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My husband is set to arrive home this Sunday. I haven't seen him for months; in fact he left 11 days after we arrived at our new location. During the past months I have unpacked and set up our new home. I found a few of my new favorite places, including a new church and even a place to get my hair styled. These are all things that many of us can relate to after experiencing our first or 15th move. We are busy bees after a move.

 

Navigating the ups and downs of life with our loved one far from home is a main theme of this blog. One thing I haven't written so much about is determining what our priorities are as a couple during a separation. This is something I struggled with this past month and wonder if you have too?

 

I probably have, on any given day, ten or more things I must get done. However, when speaking to my spouse the last few times before he was scheduled to arrive home it never failed that he always asked me about the 2 or 3 things that I had not accomplished on my, growing by the minute, to-do list. This was extremely frustrating. I felt as though I wasn't doing enough. I imagine he felt frustrated too and wondered exactly what was I doing?! Clearly, I was not accomplishing the things that were important to him!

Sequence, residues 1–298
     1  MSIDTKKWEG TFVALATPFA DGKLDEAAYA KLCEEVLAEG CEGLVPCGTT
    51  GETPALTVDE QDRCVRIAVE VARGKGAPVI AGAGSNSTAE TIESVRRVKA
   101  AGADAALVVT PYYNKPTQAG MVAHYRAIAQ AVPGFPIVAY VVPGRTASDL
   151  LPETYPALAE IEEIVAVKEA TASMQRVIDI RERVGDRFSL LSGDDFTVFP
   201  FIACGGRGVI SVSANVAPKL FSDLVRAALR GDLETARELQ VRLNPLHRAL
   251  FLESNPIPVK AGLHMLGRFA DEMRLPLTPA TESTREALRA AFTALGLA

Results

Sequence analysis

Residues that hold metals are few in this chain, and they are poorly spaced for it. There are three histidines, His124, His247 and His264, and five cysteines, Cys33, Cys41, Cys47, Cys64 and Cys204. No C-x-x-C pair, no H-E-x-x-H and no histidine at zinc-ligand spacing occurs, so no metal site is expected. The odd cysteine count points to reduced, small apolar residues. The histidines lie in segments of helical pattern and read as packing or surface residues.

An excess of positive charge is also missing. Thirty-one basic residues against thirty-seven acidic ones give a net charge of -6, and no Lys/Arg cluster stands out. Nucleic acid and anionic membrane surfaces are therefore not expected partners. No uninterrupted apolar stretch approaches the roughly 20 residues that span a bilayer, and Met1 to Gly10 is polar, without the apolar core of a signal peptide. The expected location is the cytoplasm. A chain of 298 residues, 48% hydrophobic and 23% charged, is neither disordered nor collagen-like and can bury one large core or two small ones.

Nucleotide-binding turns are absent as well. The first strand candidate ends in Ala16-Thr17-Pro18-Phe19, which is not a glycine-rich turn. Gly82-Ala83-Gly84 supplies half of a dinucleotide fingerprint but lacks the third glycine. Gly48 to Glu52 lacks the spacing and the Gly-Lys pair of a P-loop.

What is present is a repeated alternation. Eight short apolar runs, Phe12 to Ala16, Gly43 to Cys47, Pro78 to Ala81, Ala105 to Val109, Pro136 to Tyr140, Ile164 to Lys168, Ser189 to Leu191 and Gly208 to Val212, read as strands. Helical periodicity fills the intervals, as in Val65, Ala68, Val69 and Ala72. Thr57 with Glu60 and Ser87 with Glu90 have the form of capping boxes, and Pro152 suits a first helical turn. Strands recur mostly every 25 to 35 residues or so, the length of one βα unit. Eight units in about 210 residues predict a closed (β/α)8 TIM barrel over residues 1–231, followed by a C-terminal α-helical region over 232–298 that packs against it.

Here are some ways we can work to determine our priorities as a couple to help make our loved ones return that much smoother.

 

3 ways to determine priorities prior to a homecoming:

 

  1. Each of you makes a list of the most important things that need to get done and share the list. This seems like a no-brainer, but if I had done this step my husband's motorcycle would probably not be sitting in the garage with a dead battery right now. Not a priority for me to start his bike once a week, but definitely one for him if he had plans to go for a ride in the day or two after his return home.
  2. Decide what you can compromise on. One thing I know for sure, things always seem to take longer than I originally plan. I need some wiggle room in my schedule. Determine what the top 3 priorities are on the list for each of you. This step would have saved me money. It would have reminded me to call the power company for our rental house on the right day instead of one day too late, which resulted in a reconnect fee.
  3. Celebrate each success. Having a long to-do list written down in one place can be a relief knowing it's not stored in your memory where you might forget something important. Having this list can also be overwhelming. As you cross items off your list, celebrate each small success. Doing this can keep you motivated and focused. Even if that "celebration" is as simple as saying, "Good Job!" to yourself, or drawing a smiley face next to each task as you cross it off!

These are just 3 ways to find your shared priorities in order to accomplish them for a happier home. There are many other tips and tricks you can try to see what works best for you and your family.

 

What is your advice? How have you managed competing priorities and time demands during a deployment or long separation?